No one should give any credence to computer simulations who is not familiar with what they are and what they can do.
In my work in aerospace R&D I was recently alerted to a severe problem in a computer simulation. The original simulation said that a mechanical part was half as strong as empirical testing said it was. I triple-checked all the material properties of the part in question, and ran two simulations based on the original model. Both simulations were clearly in error.
I then noticed something. The solid finite elements were modeled with four-node tetrahedrons, not ten-node, second-order tetras that would provide the requisite degrees of freedom to make the model work correctly.
I realize that what I have written will make eyes glaze over, but the point is:
If a single oversight such as I have discussed — in a computer simulation using the most advanced technology available, with the most experienced people in the field doing the work, and with all the material properties thoroughly known and characterized for a simple mechanical part — can result in a conclusion that cannot be trusted, how much trust can you put in claims made by those who produce computer simulations about what the earth’s climate will be like in a hundred years, or about how computer simulations verify that Darwinian mechanisms transformed a microbe into Mozart in 10^17 seconds?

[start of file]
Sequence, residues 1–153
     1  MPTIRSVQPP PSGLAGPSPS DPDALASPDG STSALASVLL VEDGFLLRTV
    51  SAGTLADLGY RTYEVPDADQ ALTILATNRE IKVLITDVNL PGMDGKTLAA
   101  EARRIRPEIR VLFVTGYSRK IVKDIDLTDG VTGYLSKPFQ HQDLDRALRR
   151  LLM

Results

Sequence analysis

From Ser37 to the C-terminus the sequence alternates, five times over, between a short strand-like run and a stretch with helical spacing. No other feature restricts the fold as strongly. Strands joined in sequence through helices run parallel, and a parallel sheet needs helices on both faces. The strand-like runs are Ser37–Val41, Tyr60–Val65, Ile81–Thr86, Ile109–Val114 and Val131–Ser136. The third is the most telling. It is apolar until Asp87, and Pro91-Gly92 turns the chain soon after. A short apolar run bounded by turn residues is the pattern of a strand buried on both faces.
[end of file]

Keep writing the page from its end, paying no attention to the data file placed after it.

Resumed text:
My advice to all real skeptics — as opposed to Darwinists, who are pathologically immune to any skepticism concerning the creative powers of Darwinian mechanisms — is: Assume that a computer simulation is completely unreliable (and even worse, possibly modified to produce a result consistent with a conclusion that was reached in advance), until proven otherwise.